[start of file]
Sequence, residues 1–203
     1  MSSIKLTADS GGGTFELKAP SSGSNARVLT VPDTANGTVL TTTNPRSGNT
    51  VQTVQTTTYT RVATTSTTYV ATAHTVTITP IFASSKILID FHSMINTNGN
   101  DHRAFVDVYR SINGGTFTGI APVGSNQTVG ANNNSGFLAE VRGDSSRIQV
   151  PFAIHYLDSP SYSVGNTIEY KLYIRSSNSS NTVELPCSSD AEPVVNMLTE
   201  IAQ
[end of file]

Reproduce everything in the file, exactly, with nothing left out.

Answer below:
Sequence, residues 1–203
     1  MSSIKLTADS GGGTFELKAP SSGSNARVLT VPDTANGTVL TTTNPRSGNT
    51  VQTVQTTTYT RVATTSTTYV ATAHTVTITP IFASSKILID FHSMINTNGN
   101  DHRAFVDVYR SINGGTFTGI APVGSNQTVG ANNNSGFLAE VRGDSSRIQV
   151  PFAIHYLDSP SYSVGNTIEY KLYIRSSNSS NTVELPCSSD AEPVVNMLTE
   201  IAQ